Russian Hill has been consistently at the top of median condo prices. Of course, condos in different neighborhoods may have widely divergent sizes, quality of finish and age of construction. One reason for the gap between the Marina and Pacific Heights is that the former has a much larger average condo size.

Average HOUSE Dollar per Square Foot
Dollar per Square Foot is based upon the home’s interior living space and does not include garages, unfinished attics and basements, rooms built without permit, decks or yards. These figures are usually derived from appraisals or tax records, but can be unreliable or unreported altogether. Note that in Pacific Heights/Marina (Realtor District 7), less than half the houses sold specified square footage, which makes the figure below a wild approximation.

District 5: Average House $/Sq.Ft.
District 5 is one of San Francisco’s largest and most homogenous
districts and includes the following neighborhoods: Noe & Eureka
Valleys; Ashbury, Clarendon & Corona Heights; Haight Ashbury; Duboce Triangle; Glen Park; Mission Dolores. The average dollar per square foot for houses in District 5 has been creeping up over the past 4 quarters, but it is still 14% below the height of the market in the first half of 2008. Note that average dollar per square foot may be affected by other issues than simply changes in value, such as the size of the homes being purchased.

Average CONDO Dollar per Square Foot
Only half the condo sales in Russian Hill specified square footage, so its figure, in particular, is a wild approximation. Still, Russian Hill is almost always at the top of the scale. The Nob Hill average, in particular can fluctuate enormously depending on where within Nob Hill the sales are taking place, but all averages are gross generalities that may fluctuate for a number of reasons (besides changes in value).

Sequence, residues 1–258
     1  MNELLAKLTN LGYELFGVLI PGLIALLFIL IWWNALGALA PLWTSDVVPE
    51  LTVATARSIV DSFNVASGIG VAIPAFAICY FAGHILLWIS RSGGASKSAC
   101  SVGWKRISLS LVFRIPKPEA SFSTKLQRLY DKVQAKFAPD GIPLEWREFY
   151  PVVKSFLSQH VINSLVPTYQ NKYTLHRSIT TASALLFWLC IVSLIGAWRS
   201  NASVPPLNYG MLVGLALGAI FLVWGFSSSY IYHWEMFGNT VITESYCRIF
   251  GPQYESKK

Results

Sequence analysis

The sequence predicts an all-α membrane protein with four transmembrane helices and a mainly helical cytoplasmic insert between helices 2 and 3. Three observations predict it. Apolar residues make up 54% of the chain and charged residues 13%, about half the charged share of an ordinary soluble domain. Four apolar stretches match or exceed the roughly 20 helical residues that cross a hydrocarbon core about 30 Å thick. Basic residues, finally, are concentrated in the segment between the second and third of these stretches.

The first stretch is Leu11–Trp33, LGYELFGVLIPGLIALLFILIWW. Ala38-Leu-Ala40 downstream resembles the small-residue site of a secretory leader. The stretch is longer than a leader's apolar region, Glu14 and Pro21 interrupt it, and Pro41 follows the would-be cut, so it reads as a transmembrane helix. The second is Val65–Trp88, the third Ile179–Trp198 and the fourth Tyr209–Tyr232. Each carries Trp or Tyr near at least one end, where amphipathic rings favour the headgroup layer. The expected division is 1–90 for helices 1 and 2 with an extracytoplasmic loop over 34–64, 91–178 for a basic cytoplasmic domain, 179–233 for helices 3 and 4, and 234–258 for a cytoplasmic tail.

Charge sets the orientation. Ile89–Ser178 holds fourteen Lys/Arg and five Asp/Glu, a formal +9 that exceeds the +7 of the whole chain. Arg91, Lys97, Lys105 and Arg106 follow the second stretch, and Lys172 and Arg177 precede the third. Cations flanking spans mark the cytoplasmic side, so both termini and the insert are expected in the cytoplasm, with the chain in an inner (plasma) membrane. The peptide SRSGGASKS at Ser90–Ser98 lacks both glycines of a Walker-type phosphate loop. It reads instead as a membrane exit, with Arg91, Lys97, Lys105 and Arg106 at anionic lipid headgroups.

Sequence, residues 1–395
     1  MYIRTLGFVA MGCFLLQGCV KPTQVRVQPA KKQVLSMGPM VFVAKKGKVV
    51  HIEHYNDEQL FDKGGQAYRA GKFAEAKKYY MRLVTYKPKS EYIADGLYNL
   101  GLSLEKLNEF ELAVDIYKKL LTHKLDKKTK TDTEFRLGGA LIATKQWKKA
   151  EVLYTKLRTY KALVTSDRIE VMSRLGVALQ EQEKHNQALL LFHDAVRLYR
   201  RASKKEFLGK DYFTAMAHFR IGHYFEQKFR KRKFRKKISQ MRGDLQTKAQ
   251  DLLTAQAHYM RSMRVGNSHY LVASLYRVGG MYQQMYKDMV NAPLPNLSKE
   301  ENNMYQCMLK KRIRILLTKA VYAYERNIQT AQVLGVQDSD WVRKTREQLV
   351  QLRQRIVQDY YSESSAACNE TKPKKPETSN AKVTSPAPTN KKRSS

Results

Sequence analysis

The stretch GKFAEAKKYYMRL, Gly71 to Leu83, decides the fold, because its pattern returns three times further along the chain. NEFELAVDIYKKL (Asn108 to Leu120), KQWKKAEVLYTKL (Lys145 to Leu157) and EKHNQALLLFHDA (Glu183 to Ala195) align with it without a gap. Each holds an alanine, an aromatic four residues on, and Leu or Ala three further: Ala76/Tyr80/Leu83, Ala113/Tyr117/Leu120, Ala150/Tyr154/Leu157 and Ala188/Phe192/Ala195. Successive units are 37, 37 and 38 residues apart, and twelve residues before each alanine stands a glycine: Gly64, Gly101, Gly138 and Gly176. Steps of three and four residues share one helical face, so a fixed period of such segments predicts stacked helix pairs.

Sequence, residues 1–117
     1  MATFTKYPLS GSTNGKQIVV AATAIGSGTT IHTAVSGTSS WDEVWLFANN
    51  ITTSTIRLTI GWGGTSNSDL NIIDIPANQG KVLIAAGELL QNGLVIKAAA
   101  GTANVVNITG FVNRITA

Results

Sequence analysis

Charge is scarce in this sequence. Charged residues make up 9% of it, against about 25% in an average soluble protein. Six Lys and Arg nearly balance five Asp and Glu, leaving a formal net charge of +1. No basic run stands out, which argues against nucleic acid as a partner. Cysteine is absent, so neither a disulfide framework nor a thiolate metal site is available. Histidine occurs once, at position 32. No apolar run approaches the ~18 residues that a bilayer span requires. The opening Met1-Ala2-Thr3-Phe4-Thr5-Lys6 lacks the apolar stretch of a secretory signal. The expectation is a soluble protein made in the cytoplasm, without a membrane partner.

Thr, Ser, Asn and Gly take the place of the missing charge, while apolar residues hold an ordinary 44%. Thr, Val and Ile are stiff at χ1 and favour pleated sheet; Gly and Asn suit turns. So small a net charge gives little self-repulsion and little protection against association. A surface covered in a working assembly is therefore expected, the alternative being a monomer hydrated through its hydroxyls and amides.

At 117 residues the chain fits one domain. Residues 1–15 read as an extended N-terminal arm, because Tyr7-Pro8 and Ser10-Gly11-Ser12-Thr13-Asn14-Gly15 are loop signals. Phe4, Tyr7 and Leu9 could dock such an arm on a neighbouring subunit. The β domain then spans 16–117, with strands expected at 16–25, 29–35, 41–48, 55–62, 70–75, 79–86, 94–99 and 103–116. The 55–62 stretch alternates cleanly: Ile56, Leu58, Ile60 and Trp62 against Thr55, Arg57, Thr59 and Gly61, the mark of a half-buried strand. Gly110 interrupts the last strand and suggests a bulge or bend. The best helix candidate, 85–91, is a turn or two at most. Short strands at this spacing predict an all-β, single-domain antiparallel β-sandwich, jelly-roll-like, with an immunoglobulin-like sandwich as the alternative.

SF Luxury Home Sales by Neighborhood
We generally define the luxury home market in the city as house sales of $2,000,000 plus, and condo/co-op sales of $1,500,000 plus. The northern prestige neighborhoods — such as Sea Cliff, Pacific & Presidio Heights, and Russian & Nob Hills — dominate luxury home sales, but some also occur in District 5 (Noe, Castro and Haight Ashbury) and in St. Francis Wood, as well as in the new condo developments in South Beach and SOMA.

Homes $1,000,000+ Accepting Offers
Sales of homes of $1,000,000 plus strengthened this past spring. Such higher-end sales typically make up 15% – 20% of the overall home market in San Francisco by unit sales.

Home Sales by Realtor District